"I never thought of it as incest."
At least six times, I've heard that statement from survivors. Their fathers, mothers, or older siblings were the perpetrators. They understood it fitted under the title of sexual abuse, but not incest.
"I finally accepted the word rape,” *Barry said two years ago over coffee, "but now I have to face the word incest. Somehow that makes it worse."
To him, the word was limited to a father-daughter sexual relationship. "My mother raped me," he said, "but it didn't hit me until I read the definition in a book about boys being molested. It said that incest refers to sexual activity between close relatives." He paused to wipe tears from his eyes. "How could she do that to me? How could she?"
Although he asked me the question, he didn't expect me to answer (as if I could). For Barry, the word incest was the ultimate evil in any family. "And I was a victim."
As we talked, it was obvious he wanted to make sense out of the situation. Finally he said, "She was lonely because Dad was gone a lot."
"You're excusing her," I said. "I suggest you focus on the crime she perpetrated instead of making excuses."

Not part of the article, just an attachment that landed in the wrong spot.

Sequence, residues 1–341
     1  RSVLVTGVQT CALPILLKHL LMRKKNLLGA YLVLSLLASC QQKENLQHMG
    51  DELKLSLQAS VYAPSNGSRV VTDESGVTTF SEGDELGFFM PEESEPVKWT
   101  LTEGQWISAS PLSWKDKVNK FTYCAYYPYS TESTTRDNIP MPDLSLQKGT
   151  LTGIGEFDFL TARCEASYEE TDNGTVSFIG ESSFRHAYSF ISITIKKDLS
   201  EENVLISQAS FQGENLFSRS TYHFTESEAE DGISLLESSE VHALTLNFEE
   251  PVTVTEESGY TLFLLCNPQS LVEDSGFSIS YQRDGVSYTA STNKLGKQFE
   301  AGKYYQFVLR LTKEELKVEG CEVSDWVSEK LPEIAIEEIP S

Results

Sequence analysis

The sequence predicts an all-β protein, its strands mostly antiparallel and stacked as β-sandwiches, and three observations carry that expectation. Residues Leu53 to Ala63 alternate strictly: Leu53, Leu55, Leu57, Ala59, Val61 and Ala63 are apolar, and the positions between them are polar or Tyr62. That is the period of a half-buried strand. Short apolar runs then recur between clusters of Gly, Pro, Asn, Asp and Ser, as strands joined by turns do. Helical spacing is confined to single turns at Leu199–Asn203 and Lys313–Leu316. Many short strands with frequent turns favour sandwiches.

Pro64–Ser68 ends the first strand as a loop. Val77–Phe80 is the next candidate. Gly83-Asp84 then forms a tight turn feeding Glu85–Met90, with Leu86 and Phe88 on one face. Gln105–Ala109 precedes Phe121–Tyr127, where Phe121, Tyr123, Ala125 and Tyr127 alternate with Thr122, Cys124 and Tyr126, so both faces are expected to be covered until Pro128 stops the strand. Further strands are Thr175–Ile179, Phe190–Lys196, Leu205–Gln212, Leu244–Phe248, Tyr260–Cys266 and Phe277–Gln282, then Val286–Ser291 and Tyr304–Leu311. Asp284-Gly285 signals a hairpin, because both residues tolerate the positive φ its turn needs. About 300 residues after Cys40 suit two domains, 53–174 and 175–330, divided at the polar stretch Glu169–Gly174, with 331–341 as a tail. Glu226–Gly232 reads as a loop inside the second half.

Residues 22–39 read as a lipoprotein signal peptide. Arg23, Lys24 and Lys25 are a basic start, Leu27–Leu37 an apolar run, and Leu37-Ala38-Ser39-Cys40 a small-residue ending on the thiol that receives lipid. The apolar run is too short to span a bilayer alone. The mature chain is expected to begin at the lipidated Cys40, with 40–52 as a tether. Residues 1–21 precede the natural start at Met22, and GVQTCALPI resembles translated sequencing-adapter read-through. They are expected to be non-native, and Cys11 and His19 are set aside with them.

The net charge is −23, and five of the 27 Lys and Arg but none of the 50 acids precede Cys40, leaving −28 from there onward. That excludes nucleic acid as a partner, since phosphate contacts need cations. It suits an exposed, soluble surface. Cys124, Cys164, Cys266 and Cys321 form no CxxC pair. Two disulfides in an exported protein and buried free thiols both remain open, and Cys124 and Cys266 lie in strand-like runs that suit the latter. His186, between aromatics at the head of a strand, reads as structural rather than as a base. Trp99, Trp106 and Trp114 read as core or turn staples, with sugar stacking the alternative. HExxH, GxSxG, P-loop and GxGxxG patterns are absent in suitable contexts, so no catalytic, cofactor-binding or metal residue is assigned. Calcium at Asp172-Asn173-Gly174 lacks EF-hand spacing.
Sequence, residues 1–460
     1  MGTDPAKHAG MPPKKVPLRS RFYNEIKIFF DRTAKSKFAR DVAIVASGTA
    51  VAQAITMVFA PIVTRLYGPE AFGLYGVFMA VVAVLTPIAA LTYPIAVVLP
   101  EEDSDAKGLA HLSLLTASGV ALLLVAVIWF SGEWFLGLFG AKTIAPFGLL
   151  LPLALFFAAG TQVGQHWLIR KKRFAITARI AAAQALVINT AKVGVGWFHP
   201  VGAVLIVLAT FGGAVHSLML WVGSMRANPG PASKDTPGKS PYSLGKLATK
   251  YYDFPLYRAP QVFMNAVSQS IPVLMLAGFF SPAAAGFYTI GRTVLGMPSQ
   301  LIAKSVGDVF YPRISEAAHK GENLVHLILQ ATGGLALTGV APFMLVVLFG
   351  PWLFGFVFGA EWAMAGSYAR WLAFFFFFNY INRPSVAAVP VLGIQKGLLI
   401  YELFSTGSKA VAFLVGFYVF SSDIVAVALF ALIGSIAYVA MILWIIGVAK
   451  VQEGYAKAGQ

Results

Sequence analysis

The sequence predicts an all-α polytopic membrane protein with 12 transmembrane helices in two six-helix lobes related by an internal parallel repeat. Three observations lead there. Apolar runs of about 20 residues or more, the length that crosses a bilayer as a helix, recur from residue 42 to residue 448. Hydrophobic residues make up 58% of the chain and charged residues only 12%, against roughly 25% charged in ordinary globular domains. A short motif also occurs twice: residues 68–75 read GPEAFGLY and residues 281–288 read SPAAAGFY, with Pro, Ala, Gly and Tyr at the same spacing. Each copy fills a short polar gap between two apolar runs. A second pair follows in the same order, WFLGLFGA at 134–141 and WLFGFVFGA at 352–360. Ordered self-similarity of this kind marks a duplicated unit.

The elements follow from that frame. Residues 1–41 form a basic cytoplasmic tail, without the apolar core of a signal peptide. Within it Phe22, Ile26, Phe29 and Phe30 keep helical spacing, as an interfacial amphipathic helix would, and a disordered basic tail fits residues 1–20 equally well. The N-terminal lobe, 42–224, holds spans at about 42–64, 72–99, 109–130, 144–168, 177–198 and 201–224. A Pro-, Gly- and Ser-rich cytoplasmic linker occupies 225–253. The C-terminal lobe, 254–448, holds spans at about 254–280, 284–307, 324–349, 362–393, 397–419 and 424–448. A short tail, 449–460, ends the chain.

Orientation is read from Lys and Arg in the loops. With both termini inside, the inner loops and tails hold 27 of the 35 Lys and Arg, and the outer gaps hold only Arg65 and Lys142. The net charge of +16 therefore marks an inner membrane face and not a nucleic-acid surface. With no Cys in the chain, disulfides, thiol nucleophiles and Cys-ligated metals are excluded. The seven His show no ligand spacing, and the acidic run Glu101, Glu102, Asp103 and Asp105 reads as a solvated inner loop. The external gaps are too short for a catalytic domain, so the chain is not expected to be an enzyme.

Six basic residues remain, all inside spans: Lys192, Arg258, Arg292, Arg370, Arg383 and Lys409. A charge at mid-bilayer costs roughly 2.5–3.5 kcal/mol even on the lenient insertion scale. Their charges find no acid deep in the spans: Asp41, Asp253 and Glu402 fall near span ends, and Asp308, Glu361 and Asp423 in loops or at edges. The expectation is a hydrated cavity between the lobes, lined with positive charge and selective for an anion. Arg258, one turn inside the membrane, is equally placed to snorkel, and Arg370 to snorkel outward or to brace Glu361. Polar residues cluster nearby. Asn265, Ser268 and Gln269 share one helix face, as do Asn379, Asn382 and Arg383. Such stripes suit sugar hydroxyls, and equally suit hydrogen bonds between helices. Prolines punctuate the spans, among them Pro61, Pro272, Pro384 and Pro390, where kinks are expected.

That shocked him, but then he nodded. "You're right. I have to remind myself that she did an evil, immoral, and illegal act."
Barry and I had coffee together about a month ago. One of the first sentences from him was, "My mother incested me."
Although I wasn't used to hearing the word as a verb, I understood. He had faced the reality of her sexual assault. "Now my struggle is to forgive her."
"Do you want to forgive her?" I asked, "Or is it something you feel you have to do?"
After a lengthy silence, Barry thanked me. "Thanks. My counselor urged me to forgive her—and I know I need to do that, but—"
"But not yet."
"Not yet," he said.
And I admired him for realizing he wasn't yet ready.
One day he will be ready. In his own time.